No. It is absolutely not true that Stonewall is encouraging schools to avoid using the words ‘boy’ or ‘girl’, as has been asserted in a small number of news outlets.

Being LGBTQ+ inclusive means recognising that there are boys and girls and some people who are non-binary. Our starting point is that we want to see schools and colleges where every child or young person feels safe, seen and heard.

We give guidance and support to staff to help them ensure everyone feels included, and there are several this can be done through inclusive language. For example, a PE teacher instructing their class might use additive language (‘boys, girls and non-binary students, pick your team now’), they could use gender neutral language (‘students, pick your team now!) or it could use you language (‘pick your team now’’).

We do encourage staff to think about the language that is used in school or college and how far it plays into gendered stereotypes e.g. not using phrases such as ‘man up’ or ‘don’t be such a girl’. We also advise to take care to be inclusive of non-binary people; avoiding addressing groups of students using gendered language such as ‘boys and girls’.

Does Stonewall advise against using the pronouns ‘he’ and ‘she’?

No. It is absolutely not true that Stonewall is encouraging schools to avoid using the pronouns ‘he’ or ‘she’, as has been asserted in a small number of news outlets.

Being LGBTQ+ inclusive means not assuming people’s pronouns, sharing your own when you introduce yourself if you feel comfortable, and recognising that some people use ‘they’ (for more information please see page 45 of our Introduction to supporting LGBT children and young people).

Does Stonewall encourage schools go above and beyond the legal minimum?

Yes, and proudly. Equalities legislation rightly protects people from discrimination, abuse and harassment, but complying with the law is the minimum rather than the maximum that schools, colleges and youth services can do to support LGBTQ+ people to thrive when they are learning.

Schools, colleges and youth services are constantly driving forward practices to ensure all their learners are supported to perform their best at school or college. No organisation is forced to work with us. They do so because they see the benefits for all their students – not only their LGBTQ+ students.

What do schools and colleges supporting LGBTQ+ children and young people experience?

Most schools who support LGBTQ+ children and young people effectively often hear from their students and their parents how grateful they for creating a positive, supportive learning environment that enable LGBTQ+ learners to thrive.

Some supporters of LGBTQ+ equality have been facing attack for a number of years for taking a trans-inclusive approach to fighting for equality – whether they are charities, workplaces, schools or colleges.

These have come from campaign groups, online activists and sections of the UK media. These attacks are designed to undermine schools’ and colleges’ confidence in supporting LGBTQ+ equality for their learners.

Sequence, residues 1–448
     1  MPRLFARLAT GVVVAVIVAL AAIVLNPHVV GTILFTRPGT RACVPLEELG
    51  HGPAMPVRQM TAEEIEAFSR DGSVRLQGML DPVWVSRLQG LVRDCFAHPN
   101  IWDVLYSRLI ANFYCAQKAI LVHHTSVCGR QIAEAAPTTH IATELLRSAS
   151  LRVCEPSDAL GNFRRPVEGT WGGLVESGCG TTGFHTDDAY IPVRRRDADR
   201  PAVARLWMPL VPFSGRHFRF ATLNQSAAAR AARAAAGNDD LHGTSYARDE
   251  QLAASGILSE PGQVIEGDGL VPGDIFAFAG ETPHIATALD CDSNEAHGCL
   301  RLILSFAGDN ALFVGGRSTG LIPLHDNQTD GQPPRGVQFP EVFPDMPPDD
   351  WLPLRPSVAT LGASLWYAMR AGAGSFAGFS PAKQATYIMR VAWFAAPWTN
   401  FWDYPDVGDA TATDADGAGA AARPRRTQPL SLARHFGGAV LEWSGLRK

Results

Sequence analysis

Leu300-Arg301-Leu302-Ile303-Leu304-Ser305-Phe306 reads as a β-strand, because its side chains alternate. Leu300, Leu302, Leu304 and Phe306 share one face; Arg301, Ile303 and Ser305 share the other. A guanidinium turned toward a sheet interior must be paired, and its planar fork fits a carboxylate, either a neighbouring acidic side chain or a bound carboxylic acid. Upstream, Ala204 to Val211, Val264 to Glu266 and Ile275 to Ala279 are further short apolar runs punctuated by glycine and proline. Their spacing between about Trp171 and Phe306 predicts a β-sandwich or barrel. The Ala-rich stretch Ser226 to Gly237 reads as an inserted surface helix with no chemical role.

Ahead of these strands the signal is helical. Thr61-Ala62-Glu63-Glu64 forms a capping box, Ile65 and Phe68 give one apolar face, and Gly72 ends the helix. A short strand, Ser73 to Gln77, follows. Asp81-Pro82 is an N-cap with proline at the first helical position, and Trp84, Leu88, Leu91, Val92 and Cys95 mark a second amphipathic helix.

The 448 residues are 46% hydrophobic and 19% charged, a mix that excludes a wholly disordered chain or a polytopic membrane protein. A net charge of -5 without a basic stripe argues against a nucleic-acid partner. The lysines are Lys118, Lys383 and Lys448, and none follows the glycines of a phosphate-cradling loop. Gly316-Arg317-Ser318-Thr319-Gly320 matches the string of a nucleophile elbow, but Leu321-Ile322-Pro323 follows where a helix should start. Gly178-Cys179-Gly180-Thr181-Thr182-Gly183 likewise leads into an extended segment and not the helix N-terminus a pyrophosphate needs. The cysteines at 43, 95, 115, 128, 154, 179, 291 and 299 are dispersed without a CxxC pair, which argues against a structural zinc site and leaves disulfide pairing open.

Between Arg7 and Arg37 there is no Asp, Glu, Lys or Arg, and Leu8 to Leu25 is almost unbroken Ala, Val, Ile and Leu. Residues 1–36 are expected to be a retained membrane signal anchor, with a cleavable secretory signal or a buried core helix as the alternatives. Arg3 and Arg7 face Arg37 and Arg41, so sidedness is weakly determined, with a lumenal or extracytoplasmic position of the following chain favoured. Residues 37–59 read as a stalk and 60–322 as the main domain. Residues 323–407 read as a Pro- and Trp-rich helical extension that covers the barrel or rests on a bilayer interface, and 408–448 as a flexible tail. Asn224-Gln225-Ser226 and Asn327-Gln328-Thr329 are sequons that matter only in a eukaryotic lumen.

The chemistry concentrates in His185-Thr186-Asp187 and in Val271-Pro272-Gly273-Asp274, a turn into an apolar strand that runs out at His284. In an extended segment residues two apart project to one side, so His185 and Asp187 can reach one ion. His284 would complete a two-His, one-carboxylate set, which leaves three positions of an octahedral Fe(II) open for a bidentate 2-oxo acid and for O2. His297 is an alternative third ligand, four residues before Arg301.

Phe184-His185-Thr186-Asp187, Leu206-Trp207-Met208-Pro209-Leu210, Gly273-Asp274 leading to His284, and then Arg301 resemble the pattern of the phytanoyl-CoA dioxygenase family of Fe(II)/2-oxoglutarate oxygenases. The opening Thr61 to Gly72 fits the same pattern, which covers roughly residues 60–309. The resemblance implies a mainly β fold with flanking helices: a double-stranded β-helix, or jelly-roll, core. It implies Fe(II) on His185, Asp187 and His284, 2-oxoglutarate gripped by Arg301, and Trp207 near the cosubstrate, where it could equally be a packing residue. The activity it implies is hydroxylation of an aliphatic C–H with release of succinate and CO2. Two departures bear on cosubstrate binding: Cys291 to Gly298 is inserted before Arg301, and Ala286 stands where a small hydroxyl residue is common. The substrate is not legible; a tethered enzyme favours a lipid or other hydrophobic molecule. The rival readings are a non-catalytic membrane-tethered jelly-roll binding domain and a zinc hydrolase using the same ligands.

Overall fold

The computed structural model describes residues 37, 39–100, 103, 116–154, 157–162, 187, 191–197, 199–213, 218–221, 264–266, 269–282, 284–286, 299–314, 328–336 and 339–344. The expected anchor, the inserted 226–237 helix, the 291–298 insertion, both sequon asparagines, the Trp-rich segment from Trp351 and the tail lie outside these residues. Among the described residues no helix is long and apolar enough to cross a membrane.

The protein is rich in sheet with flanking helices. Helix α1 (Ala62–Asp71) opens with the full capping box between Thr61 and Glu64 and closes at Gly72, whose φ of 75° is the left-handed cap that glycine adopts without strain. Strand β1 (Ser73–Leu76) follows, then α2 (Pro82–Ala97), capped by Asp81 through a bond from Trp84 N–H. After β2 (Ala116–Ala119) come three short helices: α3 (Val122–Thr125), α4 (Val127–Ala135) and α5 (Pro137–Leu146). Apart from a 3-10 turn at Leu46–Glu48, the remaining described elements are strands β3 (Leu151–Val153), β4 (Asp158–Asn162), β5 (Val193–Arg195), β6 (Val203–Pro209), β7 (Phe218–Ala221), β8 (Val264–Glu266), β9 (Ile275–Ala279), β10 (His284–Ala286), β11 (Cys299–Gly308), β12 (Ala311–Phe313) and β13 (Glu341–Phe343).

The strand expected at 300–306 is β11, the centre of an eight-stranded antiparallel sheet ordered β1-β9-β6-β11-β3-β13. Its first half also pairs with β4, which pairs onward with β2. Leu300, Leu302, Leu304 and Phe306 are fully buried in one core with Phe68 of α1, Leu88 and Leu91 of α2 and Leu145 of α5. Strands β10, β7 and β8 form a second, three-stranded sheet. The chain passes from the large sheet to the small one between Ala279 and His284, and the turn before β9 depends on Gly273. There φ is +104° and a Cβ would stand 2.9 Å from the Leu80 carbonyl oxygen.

A few groups have launched legal challenges to public sector organisations regarding their work with Stonewall. Many of these cases have already been thrown out by judges as ‘unarguable’.

In the first four months of 2021 there were more than 900 template Freedom of Information requests sent to public sector bodies, including schools and colleges, about their work with Stonewall.

Media organisations are using these Freedom of Information Requests to generate news stories about public sector organisations not renewing their membership. The same news outlets repeat those news stories over and over.

A number of campaign groups are currently encouraging their supporters to send template letters out to schools across the country, and threatening other public sector bodies with legal action.

What can organisations do if they face attacks for their work on LGBTQ+ rights?

Unfortunately we are seeing coordinated attacks on organisations who support LGBTQ+ inclusion whether or not they work with Stonewall. This includes other charities focused on supporting LGBTQ+ children and young people.

These attacks are designed to undermine your confidence in supporting LGBTQ+ inclusion in education.

Start by getting the facts straight. Is there a basis to the complaints or concerns? Use this FAQ as a support and check in with your teams who lead your work on LGBTQ+ inclusion, who know the status of this work and its legal basis.

Make sure your colleagues who are responsible for responding to complaints and concerns have the support they need if they are experiencing hostility, particularly if they are LGBTQ+.

Be proud of your work to support LGBTQ+ inclusion and to take a child centred approach. Opponents of LGBTQ+ rights want you to be nervous and unsure about supporting LGBTQ+ children and young people. Stand tall and be bold. Look out for more actions you can take to celebrate and support LGBTQ+ inclusion at school or college in the months ahead.